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Psychiatry, Madness, and Social Justice

Trainees in mental health care are faced with the peculiar power, granted by our profession, to name pathology, enforce involuntary hospitalization, and administer involuntary medications. We regularly infringe upon patient’s rights in the name of treatment and maintenance of public safety. In addition, we inherit a field which has long been criticized for its role in legitimizing and maintaining the social, political, and economic oppression of marginalized individuals.

At the same time, mental health in postcolonial contexts has served as a platform for marginalized groups to resist the structures that oppress them and demand justice for violations of human rights. By exposing the violence of broader, abstract structures of oppression – such as capitalism and imperialism – on the everyday lives of individuals, mental health also has the potential to serve as a tool of liberation and political resistance.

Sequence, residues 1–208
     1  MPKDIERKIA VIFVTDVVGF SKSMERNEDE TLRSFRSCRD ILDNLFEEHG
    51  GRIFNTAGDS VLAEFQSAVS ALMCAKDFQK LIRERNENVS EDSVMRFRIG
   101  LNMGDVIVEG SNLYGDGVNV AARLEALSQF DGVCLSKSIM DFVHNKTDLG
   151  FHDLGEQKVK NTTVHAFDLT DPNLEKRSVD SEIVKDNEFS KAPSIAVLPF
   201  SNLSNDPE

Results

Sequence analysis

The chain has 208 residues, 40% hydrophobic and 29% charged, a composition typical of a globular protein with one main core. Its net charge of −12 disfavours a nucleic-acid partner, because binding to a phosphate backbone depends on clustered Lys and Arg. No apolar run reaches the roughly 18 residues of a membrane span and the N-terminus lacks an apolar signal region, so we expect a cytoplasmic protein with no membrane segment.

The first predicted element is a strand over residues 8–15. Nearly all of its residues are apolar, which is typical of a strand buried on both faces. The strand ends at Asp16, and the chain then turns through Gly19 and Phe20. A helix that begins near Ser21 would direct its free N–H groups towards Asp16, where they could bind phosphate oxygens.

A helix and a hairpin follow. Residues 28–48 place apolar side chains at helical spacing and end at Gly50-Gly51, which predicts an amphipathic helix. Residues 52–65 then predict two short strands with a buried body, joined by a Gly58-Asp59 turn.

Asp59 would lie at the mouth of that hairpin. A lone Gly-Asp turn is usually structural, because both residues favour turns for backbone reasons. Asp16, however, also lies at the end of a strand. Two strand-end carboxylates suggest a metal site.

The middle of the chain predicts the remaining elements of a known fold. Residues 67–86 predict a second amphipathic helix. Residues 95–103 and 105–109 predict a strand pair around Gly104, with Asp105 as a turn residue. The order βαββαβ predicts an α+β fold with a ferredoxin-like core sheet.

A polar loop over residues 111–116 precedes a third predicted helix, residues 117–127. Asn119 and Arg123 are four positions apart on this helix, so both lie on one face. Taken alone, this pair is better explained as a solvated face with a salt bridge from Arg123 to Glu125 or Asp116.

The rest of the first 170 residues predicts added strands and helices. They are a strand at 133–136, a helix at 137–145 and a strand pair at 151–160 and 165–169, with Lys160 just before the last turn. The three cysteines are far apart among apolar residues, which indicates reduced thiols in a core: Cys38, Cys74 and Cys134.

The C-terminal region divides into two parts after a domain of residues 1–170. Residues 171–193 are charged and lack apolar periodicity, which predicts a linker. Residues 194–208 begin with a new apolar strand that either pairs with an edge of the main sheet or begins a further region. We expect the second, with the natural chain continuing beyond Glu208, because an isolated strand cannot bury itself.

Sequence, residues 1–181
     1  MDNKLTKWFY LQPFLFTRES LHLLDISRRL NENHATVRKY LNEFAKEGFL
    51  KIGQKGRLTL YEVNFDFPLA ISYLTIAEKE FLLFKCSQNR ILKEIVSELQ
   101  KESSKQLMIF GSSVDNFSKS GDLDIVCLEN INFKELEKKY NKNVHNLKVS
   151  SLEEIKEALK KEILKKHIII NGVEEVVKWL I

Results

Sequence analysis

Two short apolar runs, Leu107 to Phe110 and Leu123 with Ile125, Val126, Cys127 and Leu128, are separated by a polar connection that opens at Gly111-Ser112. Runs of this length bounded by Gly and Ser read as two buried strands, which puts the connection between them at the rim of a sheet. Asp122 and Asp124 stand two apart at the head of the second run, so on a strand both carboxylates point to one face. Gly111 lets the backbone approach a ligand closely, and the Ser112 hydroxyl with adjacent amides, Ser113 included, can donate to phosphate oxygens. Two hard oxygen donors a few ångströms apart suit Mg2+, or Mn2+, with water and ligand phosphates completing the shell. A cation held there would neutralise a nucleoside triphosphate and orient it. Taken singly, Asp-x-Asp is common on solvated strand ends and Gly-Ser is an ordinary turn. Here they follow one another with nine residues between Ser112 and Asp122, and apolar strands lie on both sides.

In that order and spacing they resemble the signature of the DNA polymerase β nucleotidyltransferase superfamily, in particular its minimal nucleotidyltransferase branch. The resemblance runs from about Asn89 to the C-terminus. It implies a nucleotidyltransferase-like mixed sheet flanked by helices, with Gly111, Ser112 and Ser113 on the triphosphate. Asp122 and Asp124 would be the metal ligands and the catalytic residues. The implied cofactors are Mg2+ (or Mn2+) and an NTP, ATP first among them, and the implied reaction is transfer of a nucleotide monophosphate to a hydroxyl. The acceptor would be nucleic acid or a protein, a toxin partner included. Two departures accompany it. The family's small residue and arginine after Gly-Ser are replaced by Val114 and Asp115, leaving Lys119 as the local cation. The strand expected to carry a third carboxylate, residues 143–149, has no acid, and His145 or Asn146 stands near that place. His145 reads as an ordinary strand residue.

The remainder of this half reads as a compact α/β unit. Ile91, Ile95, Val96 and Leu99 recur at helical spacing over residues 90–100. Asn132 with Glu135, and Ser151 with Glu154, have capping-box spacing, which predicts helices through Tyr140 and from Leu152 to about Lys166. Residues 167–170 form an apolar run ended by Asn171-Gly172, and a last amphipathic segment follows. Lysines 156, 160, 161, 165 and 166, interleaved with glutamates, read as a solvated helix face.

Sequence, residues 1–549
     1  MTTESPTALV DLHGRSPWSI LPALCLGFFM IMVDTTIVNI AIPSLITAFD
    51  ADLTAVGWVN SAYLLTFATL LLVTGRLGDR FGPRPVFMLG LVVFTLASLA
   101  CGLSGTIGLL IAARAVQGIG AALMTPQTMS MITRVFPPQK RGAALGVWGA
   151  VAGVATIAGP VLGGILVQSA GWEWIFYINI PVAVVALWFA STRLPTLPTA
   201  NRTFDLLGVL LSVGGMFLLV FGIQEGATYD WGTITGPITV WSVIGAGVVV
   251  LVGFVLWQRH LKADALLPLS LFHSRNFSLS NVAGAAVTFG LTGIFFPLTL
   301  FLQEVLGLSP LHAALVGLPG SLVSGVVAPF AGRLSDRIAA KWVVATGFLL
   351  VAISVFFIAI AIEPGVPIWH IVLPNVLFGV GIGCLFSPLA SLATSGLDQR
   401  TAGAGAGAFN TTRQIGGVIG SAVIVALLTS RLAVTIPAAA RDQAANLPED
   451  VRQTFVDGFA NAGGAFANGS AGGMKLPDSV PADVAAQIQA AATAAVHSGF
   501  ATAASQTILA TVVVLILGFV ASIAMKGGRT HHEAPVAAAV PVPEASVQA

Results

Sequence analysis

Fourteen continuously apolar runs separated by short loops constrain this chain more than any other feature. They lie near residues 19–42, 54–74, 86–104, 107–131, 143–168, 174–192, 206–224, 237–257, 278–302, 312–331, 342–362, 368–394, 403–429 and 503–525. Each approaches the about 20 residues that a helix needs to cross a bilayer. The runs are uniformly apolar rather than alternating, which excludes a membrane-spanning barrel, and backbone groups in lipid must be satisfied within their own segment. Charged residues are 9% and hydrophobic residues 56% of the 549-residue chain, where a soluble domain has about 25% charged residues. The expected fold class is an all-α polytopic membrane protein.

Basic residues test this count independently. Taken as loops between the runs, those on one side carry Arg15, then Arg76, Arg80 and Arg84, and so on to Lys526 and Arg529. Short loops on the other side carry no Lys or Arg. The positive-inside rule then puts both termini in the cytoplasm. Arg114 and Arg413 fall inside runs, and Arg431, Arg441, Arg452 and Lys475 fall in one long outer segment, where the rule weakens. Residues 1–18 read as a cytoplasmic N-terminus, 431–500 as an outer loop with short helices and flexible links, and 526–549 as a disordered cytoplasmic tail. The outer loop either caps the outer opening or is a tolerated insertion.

This interest group we will engage with the complex and varied voices that have explored the intersection of mental health, power, and justice throughout the centuries. Through readings and discussions, we will 1) examine areas of thought largely absent from traditional training, 2) better understand the historical context for common practices and assumptions within psychiatry, and ultimately 3) explore the implication for our clinical work as a new generation of clinicians.

Leadership